NIB has generic and enduring ethics approval which enables researchers to use samples from the NIB prospective collection as long as the research falls within the remit of the NIB ethics approval. The ethics covers a wide variety of research areas and tests. There are restrictions however on the use of tissues from the diagnostic tissue pathology archives. For example, studies wishing to undertake whole genome sequencing of samples from the pathology archives will be required to obtain independent ethical approval. Studies where there is an intention to link the results to specific patient identifiers (family names etc) will not be supported by NIB.
Currently NIB only consent donors who are receiving care in the Belfast Health and Social Care Trust.
(3) Bioresource description
The Northern Ireland Biobank
Bioresource acronym: NIB
NIB is located within the Centre for Cancer Research and Cell Biology in Queen’s University Belfast. Patient consent and sample collection occurs within the Belfast Health and Social Care Trust. NIB currently have access to the tissue pathology archives of three of the four pathology departments in Northern Ireland.
Northern Ireland Biobank
Queen’s University Belfast
Centre for Cancer Research and Cell Biology
97 Lisburn Road
Tel: 028 90972915
Type of sampling
Disease based sampling
NIB support targeted prospective collections in the following cancer types:
- Head and Neck
- Haematological malignancies
NIB can facilitate the retrieval of FFPE tissue blocks for all cancer types from diagnostic tissue pathology archives in Northern Ireland. See Table 1 for further information on the types of biospecimens collected by NIB.
Disease status of patients/source
Clinical characteristics of patients/source
NIB consent both male and female patients who are over 18 year of age with no upper age restriction. Patients must have a suspected or confirmed diagnosis of cancer and be able to provide informed consent. For the solid tumour prospective collection, blood samples (and urine or saliva if appropriate) are collected pre-surgery with tissue sampled from the surgical resection specimen. For the haematological prospective collection, blood and bone marrow samples are collected at the time of initial investigation for cancer.
On request, NIB can also facilitate additional collection of blood samples, bodily fluids or tissue which is surplus to diagnostic need. For example, longitudinal collection of plasma for ctDNA analysis at time points during cancer treatment to determine response to therapy.
NIB’s access to diagnostic tissue pathology archives allows for retrieval of FFPE cohorts with varying clinical characteristics. NIB can facilitate retrieval of diagnostic biopsies and resection tissue as well as metastatic tissue.
Size of the bioresource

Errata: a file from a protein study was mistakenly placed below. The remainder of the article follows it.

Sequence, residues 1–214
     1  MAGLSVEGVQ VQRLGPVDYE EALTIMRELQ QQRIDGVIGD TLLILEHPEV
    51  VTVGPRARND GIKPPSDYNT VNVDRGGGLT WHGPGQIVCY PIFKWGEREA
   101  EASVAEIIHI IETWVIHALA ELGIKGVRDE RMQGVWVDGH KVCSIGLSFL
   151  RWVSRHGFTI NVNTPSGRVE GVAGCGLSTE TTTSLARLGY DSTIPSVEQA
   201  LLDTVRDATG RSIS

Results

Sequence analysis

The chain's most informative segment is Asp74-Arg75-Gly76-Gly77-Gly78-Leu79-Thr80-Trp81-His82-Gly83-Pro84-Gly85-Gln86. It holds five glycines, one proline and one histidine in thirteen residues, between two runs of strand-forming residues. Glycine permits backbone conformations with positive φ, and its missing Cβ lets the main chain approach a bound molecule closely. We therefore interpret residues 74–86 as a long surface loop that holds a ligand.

NIB have prospectively consented >2770 donors and have accumulated over 90,000 samples as of February 2018. The average annual recruitment is 462 donors per year.
As of February 2018, NIB have received 238 applications with over 40,350 samples released approved applications.
Recruitment and collection of biospecimens is ongoing with no indicated end date.
Vital state of patients/source
Clinical diagnosis of patients/source
Variable across different cancer types and subtypes
NIB routinely collect matched non-tumour control fresh and FFPE tissue from the donor resection specimen.
|Biospecimen||Number of Aliquots/Blocks||Volume/Size|
|Whole Blood||3||1 ml|
|Fresh Frozen (tumour)||2||~0.5 mm3|
|Fresh Frozen (normal)||2||~0.5 mm3|
|Bodily fluids (ascites; pleural fluid)||On request||On request|
Applications for NIB samples can be made by Chief Investigators from academia and healthcare that are internal and external to Northern Ireland. NIB also welcome industrial/commercial applications.
To access samples, Chief Investigators (CI) must complete an electronic preliminary application via the NIB website. Details required in this preliminary application include a scientific abstract, details of the Chief Investigator and Co-Investigators, source of funding, and the number and type of samples required. The purpose of the preliminary application is to:
- Allow NIB to determine if the study falls within the remit of NIB’s ethical approval;
- The required sample set is available within a realistic time-frame;
- There is evidence of sufficient funding to carry out the research.
The CI may be asked to pursue additional ethics approval should the study be deemed to fall outside of the remit of the NIB ethics approval. Following NIB internal review of the preliminary application the researcher will be asked to complete a full application and submit it with a detailed scientific protocol.
Applications are reviewed by two reviewers selected from the NIB Scientific Review Committee which comprises Consultant Histopathologists, clinicians, surgeons and basic scientists. Reviewers will complete a scientific review form which considers:
- Study Design
- Research team and facilities
- Value for money
Based on the recommendations of the reviewers and any other project logistics and operational issues, the NIB Senior Team will either approve or reject the application. If the application is approved the applicant will receive formal NIB ethical approval. Chief Investigators must complete a Material Transfer Agreement before release of samples.
NIB’s access policy can be found on the NIB website: www.nibiobank.org.
(4) Reuse potential
NIB aliquot liquid samples so multiple samples will be available from the same donor to maximise sample use. Tissue sections or DNA/RNA aliquots from FFPE are distributed to research studies to ensure the block is available for future use. All sample metadata and associated donor clinico-pathological data is retained by NIB for use in other studies. NIB do not request the return of samples that have been distributed to research studies.